I recently got back in touch with a friend from college via Facebook. She asked
me, “So David give me the 411? Whats been up with you for oh? 15 years?”
Facebook’s Wall doesn’t seem to care much for multi-paragraph posts, but it kind
of makes sense to post it in my blog anyway.
Julie and I moved to Florida in January, 1994 for a few months, and to Virginia
the following summer. I started in the graduate program in the UVa Department of
Anthropology in the fall. I also got on the internet that year and started
learning how to program. We got married in May, 1995, in Orange, Virginia.
Two years later, I got my MA. Even though I was at UVa doing Near Eastern
archaeology, by masters paper was based on research in the American Southwest.
That’s just the way things shook out. The paper was later rejected by an
archaeology journal. The peer reviews were really offensive, one in particular;
some of the old guard of Southwest archaeology were really threatened by it.
Didn’t help that I’d dropped the research part of the article before submitting.
I was advised to do so, but it was clearly a mistake. C’et la vie. I mostly
found it humorous and typical that academics could be such dicks to a student
submitting his first peer-reviewed paper.
I have a PDF of the paper I keep meaning to blog. I should do that one of these
I spent a summer on Cyprus excavating a medieval site and the summer of 98 with
my advisor for four weeks in southeastern Turkey. Kurdistan, really. My focus
was supposedly architecture and urbanization, but in truth I enjoyed creating a
database app for the project much more than counting pottery sherds. I went into
the Turkey trip thinking it would determine whether or not I stuck to
archaeology. I’d by this time had a full-time job for about a year doing systems
and integration programming for the UVa medical center. It was fun, engaging
work, and although I enjoyed the academic side of graduate schools (seminars and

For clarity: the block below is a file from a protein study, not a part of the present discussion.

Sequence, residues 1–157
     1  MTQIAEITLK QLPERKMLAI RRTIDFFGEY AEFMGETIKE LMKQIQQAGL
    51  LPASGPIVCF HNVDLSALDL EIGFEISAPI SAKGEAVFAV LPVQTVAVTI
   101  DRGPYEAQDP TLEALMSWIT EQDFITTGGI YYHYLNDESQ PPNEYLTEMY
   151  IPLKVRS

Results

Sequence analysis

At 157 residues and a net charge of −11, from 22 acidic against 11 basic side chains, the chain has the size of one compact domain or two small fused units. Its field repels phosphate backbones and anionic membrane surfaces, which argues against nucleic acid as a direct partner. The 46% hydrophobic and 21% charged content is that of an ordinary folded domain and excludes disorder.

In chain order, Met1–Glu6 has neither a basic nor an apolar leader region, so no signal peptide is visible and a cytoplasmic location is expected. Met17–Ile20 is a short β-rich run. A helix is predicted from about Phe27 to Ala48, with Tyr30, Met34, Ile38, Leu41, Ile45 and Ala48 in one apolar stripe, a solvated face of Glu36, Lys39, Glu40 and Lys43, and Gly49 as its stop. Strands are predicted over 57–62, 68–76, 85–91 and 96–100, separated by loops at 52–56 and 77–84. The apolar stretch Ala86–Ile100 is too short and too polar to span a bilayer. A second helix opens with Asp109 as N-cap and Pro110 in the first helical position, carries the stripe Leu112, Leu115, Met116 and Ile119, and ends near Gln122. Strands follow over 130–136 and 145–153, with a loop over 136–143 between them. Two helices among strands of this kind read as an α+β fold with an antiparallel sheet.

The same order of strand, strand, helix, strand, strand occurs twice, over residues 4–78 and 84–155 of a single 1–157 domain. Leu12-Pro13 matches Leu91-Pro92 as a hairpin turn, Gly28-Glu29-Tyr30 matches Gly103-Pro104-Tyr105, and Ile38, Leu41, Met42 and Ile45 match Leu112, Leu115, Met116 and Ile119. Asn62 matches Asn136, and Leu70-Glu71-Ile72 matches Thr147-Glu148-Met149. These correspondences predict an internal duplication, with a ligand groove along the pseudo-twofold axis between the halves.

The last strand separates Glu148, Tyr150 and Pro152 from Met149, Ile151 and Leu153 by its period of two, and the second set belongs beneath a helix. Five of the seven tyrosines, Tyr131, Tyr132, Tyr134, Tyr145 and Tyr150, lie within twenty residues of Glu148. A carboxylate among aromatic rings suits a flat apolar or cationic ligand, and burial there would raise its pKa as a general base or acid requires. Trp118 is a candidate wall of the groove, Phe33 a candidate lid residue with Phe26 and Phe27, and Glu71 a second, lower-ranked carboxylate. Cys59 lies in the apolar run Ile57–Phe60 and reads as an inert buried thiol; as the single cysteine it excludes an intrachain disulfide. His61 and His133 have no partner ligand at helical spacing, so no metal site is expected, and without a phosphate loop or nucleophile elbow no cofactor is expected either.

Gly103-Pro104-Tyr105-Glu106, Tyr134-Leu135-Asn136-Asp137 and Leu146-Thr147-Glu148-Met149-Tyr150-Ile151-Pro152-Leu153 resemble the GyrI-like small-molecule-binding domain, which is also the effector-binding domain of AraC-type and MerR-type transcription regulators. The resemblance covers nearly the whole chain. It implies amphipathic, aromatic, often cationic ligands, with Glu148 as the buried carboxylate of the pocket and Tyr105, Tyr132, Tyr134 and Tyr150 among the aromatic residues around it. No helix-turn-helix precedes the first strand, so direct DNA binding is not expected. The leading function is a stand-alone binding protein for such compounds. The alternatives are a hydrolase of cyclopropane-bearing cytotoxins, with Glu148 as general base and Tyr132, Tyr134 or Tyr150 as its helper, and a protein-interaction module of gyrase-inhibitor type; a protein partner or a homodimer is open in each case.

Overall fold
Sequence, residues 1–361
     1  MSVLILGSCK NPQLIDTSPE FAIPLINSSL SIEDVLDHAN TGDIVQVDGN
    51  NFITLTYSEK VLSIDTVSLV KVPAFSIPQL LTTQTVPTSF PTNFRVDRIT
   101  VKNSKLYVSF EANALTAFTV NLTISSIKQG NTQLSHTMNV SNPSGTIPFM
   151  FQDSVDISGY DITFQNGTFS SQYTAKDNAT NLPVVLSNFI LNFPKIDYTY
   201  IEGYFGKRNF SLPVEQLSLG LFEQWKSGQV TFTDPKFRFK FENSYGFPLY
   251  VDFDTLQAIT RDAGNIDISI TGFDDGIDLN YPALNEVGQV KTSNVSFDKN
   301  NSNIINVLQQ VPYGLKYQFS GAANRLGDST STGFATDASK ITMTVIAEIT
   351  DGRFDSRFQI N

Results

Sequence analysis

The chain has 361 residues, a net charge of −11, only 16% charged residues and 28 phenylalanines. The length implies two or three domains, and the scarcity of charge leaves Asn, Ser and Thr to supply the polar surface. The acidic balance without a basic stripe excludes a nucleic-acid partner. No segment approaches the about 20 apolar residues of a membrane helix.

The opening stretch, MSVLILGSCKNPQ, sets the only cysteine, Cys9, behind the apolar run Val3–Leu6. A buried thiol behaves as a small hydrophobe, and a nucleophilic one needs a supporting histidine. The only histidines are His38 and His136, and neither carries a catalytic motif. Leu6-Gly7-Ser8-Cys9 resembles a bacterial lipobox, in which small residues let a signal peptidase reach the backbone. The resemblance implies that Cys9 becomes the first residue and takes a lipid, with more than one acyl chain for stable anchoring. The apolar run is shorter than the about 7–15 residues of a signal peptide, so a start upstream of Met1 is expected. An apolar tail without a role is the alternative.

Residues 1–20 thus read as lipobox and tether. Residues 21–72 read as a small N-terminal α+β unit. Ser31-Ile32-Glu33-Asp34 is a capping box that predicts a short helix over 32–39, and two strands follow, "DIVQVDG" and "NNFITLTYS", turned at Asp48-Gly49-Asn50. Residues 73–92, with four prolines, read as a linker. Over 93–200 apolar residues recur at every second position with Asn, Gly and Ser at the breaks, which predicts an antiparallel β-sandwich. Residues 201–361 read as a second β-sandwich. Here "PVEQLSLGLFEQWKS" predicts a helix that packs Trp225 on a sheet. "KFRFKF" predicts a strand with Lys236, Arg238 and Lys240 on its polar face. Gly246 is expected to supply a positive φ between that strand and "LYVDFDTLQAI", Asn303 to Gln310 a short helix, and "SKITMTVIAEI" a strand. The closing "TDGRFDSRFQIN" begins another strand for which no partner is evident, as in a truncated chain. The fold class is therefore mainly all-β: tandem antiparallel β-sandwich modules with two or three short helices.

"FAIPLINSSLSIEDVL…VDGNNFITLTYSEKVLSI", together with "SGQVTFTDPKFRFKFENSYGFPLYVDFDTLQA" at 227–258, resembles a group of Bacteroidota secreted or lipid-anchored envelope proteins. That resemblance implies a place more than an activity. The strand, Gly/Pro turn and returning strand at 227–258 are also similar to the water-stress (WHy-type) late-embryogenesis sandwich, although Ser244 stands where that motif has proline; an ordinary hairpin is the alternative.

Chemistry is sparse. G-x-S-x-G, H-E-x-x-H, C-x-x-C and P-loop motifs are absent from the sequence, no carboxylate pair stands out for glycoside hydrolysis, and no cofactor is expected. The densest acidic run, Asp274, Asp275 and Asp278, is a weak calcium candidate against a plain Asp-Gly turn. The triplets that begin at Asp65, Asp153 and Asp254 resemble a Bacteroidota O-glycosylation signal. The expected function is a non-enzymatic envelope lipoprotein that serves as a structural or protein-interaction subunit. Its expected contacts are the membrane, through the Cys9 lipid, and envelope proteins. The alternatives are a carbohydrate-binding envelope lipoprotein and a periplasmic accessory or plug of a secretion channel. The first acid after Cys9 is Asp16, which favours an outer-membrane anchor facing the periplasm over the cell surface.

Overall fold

such), the culture of academia held no interest for me at all.
So I quit the program when I got back from Turkey. In 1999 we moved back to SF.
I worked for UCSF for 9 months, then went to work for Salon.com. I was there a
year, then went on my own, working on an open-source content management system
called Bricolage that I’d developed with my colleagues at Salon. Life was
great for us in SF. We moved into a loft in 2002 and really made the best of our
time in The City.
In 2003 we were visiting Portland for a weekend just after Christmas and decided
to have a real estate agent show us some properties to get a feel for the place.
We’d been thinking about moving to Portland since ’96, and were still thinking
maybe we’d do it in a couple more years. Julie’s dad had moved to Eugene, 2
hours down the road, so that was also a factor. To our surprise, we found a
house we fell in love with. So we bought it, sold the loft, and moved to
Portland, arriving in April, 2004. Our daughter, Anna, was born in May 2005.
And the rest is history. I’ve done a bunch of technology-related work over the
last 10 years, mostly Perl and PostgreSQL programming. These days, I do
PostgreSQL consulting as an associate in PostgreSQL Experts, some Bricolage
consulting via my company, Kineticode, and have recently started a new venture
with a friend to develop iPad app.
Portland is a terrific place to live. We love it here. Not gritty like SF,
but still with the elements of urban living. We have a house close to downtown
and I get around mainly by bike. Anna is doing great; she’s so awesome. She’s in
a Montessori school that we’ll likely keep her in through 8th grade.
Julie is doing well, too. At UVa she became Art Director for the University’s
Capital Campaign, and started a business, Strongrrl, while in San Francisco,
mainly focused on graphic design for universities and non-profits. Business has
slowed in the last few years, alas, as print has been dying and budgets have
become restricted. She still does a bit of work, but also has started sewing and
an Etsy store (kind of empty at the moment, will be stocked in the next
couple of weeks) and this year doing deep genealogical research. We both work at
home, but she does the lion’s share of the domestic and child-rearing duties.
After 18 years together our relationship has deepened tremendously. We’re very
Anyway, life is good. I suppose if I were to write this again tomorrow I’d focus
on a bunch of other things. A lot happens in 17 years, as you no doubt know.
This is just a thin slice, with more academic stuff than I usually go into, but
the context seemed to warrant it.
So what’s your 411?
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